Praise Everlasting, Rest Eternal

Ken Myers

In 1885, Mrs. Jeannette Meyers Thurber—a New York socialite and wife of a prosperous grocery wholesaler—founded in Manhattan the National Conservatory of Music of America. In her student years, Mrs. Thurber had studied at the Paris Conservatory and came to appreciate the importance of the role of the arts in nurturing national identity. The American Founders, however, and several generations of their practically minded heirs, were significantly less confident about encouraging the pursuit of beauty than their Old World predecessors had been. “Democratic nations,” observed Alexis de Tocqueville, “cultivate the arts which serve to render life easy, in preference to those whose object is to adorn it. They will habitually prefer the useful to the beautiful, and they will require that the beautiful should be useful.”

The daughter of an immigrant violinist from Copenhagen, Jeannette Thurber found this negligence disturbing. She lamented that “America has, so far, done nothing in a National way either to promote the musical education of its people or to develop any musical genius they possess, and that in this, she stands alone among the civilized nations of the world.” Several other philanthropists helped her launch the conservatory, which benefited from the leadership of its first director, the famous baritone Jacques Bouhy, a product of the conservatories of Liège and Paris. When he returned to Europe in 1889, Mrs. Thurber began a quest for a new director, and finally persuaded Antonin Dvořák—after relentless badgering via letters, telegrams, and personal emissaries—to come to America.


Ken Myers is the host and producer of the Mars Hill Audio Journal. Formerly an arts editor with National Public Radio, he also served as editor of Eternity, the Evangelical monthly magazine, and This World, the quarterly predecessor to First Things. He also serves as music director at All Saints Anglican Church in Ivy, Virginia. He is a contributing editor for Touchstone.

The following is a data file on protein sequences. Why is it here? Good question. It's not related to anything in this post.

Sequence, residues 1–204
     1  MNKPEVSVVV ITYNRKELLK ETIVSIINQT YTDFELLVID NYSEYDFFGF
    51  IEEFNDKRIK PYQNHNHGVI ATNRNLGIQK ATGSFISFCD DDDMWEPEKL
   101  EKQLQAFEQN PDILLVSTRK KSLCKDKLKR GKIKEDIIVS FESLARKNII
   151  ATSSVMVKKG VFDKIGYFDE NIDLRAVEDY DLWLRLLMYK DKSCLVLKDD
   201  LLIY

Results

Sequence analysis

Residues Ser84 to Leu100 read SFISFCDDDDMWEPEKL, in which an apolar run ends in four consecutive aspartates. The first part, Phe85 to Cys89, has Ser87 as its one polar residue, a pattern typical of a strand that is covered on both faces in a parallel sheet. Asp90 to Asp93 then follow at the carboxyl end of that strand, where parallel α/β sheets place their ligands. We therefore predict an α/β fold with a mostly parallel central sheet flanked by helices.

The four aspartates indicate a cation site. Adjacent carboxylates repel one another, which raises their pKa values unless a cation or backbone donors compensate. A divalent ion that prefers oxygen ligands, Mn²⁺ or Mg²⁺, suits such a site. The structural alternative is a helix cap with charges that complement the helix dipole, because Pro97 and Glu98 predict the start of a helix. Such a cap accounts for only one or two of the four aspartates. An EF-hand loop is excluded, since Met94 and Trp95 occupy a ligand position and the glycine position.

Print &
Online Subscription

Get six issues (one year) of Touchstone PLUS full online access including pdf downloads for only $39.95. That's only $3.34 per month!


Get a one-year full-access subscription to the Touchstone online archives for only $19.95. That's only $1.66 per month!

bulk subscriptions

Order Touchstone subscriptions in bulk and save $10 per sub! Each subscription includes 6 issues of Touchstone plus full online access to—including archives, videos, and pdf downloads of recent issues for only $29.95 each! Great for churches or study groups.

Transactions will be processed on a secure server.

more on Music from the online archives

33.3—May/June 2020

Consolation in Death

Bach's Cantata BWV 106, Gottes Zeit ist die allerbesteZeit (God's time is the very best time) by Ken Myers

more from the online archives

33.4—July/August 2020

No Option

Clear Out the Rubble & Rebuild! by Anthony Esolen

14.2—March 2001

The God of Princes

on the Political Use of Religion by Wilfred M. McClay

31.5—September/October 2018

Pastoral Realism

on the Congregation as a Wilderness by Paul Gregory Alms

calling all readers

Please Donate

"There are magazines worth reading but few worth saving . . . Touchstone is just such a magazine."
—Alice von Hildebrand

"Here we do not concede one square millimeter of territory to falsehood, folly, contemporary sentimentality, or fashion. We speak the truth, and let God be our judge. . . . Touchstone is the one committedly Christian conservative journal."
—Anthony Esolen, Touchstone senior editor

Support Touchstone